UAE’s Edge expects substantial revenue growth as global tensions rise

The defence conglomerate to continue boosting its portfolio through new acquisitions, chief executive says

Abu Dhabi, United Arab Emirates, February 21, 2021.  Idex 2021.  Social distancing is a must on day 1 of IDEX.
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UAE defence conglomerate Edge expects higher demand for its products in the wake of geopolitical tensions, with double-digit percentage growth in revenue forecast in the next two years amid the signing of new contracts and acquisitions.

The group, with more than 25 companies under its umbrella, specialises in manufacturing different defence products including drones, military vehicles, combat pistols, submachine guns as well as sophisticated missile systems for UAE armed forces and for export in global markets.

It has been recording $5 billion in revenue every year and expects the same level or slightly higher this year, with plans to grow the revenue to a much higher level in the next two years.

“Around 2026, I would say maybe a two-digit percentage increase. Between this year or next year, we are still fulfilling the contracts that we have in the past,” Hamad Al Marar, Edge group managing director and chief executive told The National.

The Abu Dhabi-based company currently exports 20 per cent of its products to different markets across the globe from Africa to Latin America with UAE armed forces being its largest domestic customer, supplying 80 per cent of its products.

It has been exporting ammunition as well as rifles, drones and other weapons to different markets amid the signing of new sales agreements.

Last year Edge announced the sale of extended range National Surface Anti-Ship Missiles and the sale of the shorter-range version of the advanced system, to the Brazilian navy in a deal worth Dh600 million.

It also signed a partnership agreement with India’s Icomm for the manufacture of small arms in Asia’s third-largest economy, including pistols, sub-machineguns and assault rifles.

“Number one exportable product is ammunition. This is a commodity everybody needs, yet we also see other things,” Mr Al Marar said. “We have exported some drones, weapons, smart weapons … so it is really growing,” he said.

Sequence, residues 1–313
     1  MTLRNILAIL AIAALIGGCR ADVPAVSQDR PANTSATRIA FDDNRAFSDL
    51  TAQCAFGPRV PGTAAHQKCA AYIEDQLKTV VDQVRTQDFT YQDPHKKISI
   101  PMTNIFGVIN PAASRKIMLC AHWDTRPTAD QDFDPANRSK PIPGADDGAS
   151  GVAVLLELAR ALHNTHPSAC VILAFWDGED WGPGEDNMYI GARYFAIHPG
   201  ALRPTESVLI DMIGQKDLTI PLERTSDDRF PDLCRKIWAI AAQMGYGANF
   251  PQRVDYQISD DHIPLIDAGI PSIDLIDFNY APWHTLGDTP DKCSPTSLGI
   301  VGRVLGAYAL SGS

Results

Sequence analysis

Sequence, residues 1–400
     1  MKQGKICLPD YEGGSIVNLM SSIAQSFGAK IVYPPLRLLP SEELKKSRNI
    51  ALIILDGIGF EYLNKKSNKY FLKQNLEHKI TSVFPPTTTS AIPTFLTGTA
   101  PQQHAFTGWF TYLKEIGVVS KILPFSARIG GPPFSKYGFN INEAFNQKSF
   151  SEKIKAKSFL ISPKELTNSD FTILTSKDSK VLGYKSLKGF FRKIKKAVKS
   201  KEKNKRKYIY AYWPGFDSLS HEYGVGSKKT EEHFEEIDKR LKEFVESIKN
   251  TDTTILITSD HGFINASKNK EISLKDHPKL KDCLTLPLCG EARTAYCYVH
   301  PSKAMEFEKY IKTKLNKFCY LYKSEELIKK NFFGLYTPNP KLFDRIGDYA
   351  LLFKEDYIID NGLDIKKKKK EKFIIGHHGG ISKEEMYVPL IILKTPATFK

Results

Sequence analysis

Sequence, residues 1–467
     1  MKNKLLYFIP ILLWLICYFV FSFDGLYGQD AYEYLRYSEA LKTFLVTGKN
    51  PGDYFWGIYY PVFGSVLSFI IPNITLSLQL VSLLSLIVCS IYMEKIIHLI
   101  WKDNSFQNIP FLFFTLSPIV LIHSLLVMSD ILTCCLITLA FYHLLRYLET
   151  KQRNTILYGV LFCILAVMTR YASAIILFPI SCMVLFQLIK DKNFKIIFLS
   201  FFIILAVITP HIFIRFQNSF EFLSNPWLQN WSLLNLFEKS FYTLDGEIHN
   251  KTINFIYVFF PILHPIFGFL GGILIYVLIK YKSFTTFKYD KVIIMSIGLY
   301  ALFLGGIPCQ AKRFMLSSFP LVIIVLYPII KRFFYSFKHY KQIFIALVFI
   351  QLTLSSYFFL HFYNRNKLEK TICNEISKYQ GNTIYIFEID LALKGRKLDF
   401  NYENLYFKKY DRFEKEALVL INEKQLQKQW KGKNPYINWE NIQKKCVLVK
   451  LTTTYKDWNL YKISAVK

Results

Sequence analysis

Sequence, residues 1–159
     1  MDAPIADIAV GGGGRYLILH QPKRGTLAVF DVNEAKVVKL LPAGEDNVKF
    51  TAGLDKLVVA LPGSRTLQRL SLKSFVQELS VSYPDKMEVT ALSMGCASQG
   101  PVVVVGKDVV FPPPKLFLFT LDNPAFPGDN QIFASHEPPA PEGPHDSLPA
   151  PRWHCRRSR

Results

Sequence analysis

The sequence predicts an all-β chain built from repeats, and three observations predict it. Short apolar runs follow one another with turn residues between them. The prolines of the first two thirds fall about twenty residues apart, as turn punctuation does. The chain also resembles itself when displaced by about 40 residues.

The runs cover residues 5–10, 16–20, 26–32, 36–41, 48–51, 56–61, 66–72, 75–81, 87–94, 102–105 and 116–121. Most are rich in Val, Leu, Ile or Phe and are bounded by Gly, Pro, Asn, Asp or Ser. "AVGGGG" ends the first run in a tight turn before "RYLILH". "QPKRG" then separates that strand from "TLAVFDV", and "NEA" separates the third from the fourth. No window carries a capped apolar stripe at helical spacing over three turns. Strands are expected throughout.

The current geopolitical tensions in the world from the Gaza conflict to the Ukraine war are boosting demand for its products.

“It is boosting demand for everyone but then it becomes a game of how fast can you conclude and how fast can you supply,” he said, while adding that the supply chain for the manufacture of products continues to be an issue and the company is looking at alternative ways to solve the problem.

“The UAE is neutrally positioned. We noticed that buying from the UAE does not upset East or West. So that gives us a plus.”

The company is teaming up with Italian shipbuilder Fincantieri to manufacture sophisticated naval vessels and sell them in different markets globally. Last week, it signed an agreement in Rome to set up a joint venture in Abu Dhabi.

The new joint venture will be launched in the first half of this year and has an order backlog worth €30 billion ($32.42 billion) with Angola being the largest customer for the supply of naval vessels, Mr Al Marar said. It is also developing a submarine for UAE’s usage as well as export across the region.

Edge expects demand for naval vessels to rise as countries look to modernise their fleet amid continued geopolitical tensions.

“We see demands from east to west … from modernising an existing fleet to even establishing new fleets … we can see the demand is there,” he said.

The naval vessels market globally is expected to reach $206.43 billion by 2029 from $110.51 billion in 2024, driven by higher demand from North America and the Asia-Pacific region, a Mordor Intelligence report said.

The company will continue to look for new acquisitions after finalising several deals in the last twelve months, Mr Al Marar added.

Last year, it bought a 52 per cent stake in Anavia, which builds unmanned helicopters capable of carrying out mission-critical surveillance, reconnaissance and transportation, to boost its portfolio.

Edge also announced deals including the acquisition of a majority stake in Estonia's Milrem Robotics in February last year to develop capabilities in robotics and autonomous systems in line with the UAE's expanding manufacturing sector.

In March, it bought Trust International Group, an Emirates-based defence trading specialist, to boost its portfolio.

“We are looking at these opportunities from a technology acceleration perspective. Any acquisition you do elsewhere will give you a foot in that country, let alone the region.”

The company aims to focus on three areas including the development of smart weapons with “more precision, more precise, more effective” as well as autonomous systems and electronic warfare as part of its future growth strategy.

Updated: February 28, 2024, 3:00 AM